"You Might be a Zombie and Other Bad News" (2011) takes amazing, verified stories, a la Ripley's and Guinness; adds the erudite snarkiness of the satirical news "The Onion;" throws in the profanity of a World War II drill instructor; and makes lists. Grammatically correct, advanced vocabulary, easily read/listened to, funny lists. If I was trying to get a teenager interested in science, I'd hand over this book - but only after making sure the kid's parents were okay with their kid reading/listening to frequent references to sex and drugs (the references are completely apropos).
One of my favorite lists is, "The Six Most Terrifying Foods in the World" (Chapter 13 on Audible). I admit that's because I grew up eating Number 3, lutefisk, as a special treat at Christmas. The winter holidays were the only time you could find it at Lund's on Lake in Uptown Minneapolis. These days, Ikea carries it in the grocery section, in glass jars. I've never seen it on the otherwise true-to-Scandinavia, incredibly easy Christmas dinner that makes your Dad with Swedish grandparents happy. Who has time to make ostakaka anyway? Only folks who spend their time making the delicious cross between pudding and cheesecake, often served with Lingonberries, instead of putting together your new dresser or kitchen table.
Back to the lutefisk - it's in glass jars and served with wooden toothpicks because it's cod cured in lye. Yes, lye. I didn't realize how strange that really was until I listened to Cracked.com's "You Might be a Zombie". Other great chapters: "Five Ways Your Brain is Messing with Your Head" (Audible Chapter 21); "Five Stories the Media Doesn't Want You to Know About" (Audible Chapter 28); and "Four Great Women Buried by their Boobs" (Audible Chapter 32). The 'boobs list' alone could make four separate books. In fact, I've already read one of them, Brenda Maddox" "Rosalind Franklin: The Dark Lady of DNA" (2012).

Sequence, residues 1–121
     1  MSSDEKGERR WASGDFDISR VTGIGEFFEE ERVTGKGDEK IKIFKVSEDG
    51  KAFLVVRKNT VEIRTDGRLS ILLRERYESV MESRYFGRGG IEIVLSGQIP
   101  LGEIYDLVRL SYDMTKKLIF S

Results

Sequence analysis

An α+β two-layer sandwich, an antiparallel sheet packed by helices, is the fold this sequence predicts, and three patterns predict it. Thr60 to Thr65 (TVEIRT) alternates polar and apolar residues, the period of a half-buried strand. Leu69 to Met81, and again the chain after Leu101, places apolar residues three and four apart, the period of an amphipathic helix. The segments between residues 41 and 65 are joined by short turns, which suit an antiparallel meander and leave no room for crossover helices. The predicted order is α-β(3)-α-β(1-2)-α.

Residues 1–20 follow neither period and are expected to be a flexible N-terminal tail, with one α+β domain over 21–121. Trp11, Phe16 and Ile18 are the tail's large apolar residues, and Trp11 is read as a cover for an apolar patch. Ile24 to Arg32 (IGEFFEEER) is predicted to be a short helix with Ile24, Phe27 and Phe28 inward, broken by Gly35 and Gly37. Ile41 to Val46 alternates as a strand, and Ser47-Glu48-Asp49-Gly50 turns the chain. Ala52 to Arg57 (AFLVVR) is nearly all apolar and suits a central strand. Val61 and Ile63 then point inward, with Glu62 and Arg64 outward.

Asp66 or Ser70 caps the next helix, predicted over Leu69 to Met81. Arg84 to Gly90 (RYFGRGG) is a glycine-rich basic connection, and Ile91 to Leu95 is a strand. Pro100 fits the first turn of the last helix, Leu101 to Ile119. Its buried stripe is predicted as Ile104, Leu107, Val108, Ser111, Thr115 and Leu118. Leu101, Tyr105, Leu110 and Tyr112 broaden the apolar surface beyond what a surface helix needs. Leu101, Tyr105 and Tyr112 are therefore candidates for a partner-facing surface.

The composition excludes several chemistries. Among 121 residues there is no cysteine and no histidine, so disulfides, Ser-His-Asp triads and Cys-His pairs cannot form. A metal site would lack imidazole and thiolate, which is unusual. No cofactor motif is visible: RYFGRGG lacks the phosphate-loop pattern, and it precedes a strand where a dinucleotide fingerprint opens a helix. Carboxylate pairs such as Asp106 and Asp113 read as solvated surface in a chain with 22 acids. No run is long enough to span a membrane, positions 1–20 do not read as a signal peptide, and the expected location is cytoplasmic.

Each chapter is 7 to 10 minutes long, the perfect length for a quick trip to the grocery store and back. Johnny Heller narrates. Heller, in this narration, is an audio doppelgänger of actor Martin Sheen. He was so close, I checked to make sure Heller wasn't a nom de oratorio for Sheen or his sons. Heller isn't, and he's narrated several other books I've loved. The only reason I'm not giving the narration a "5" is that I know some of the non-English words were mispronounced. I think we'd all be happier if I didn't know that.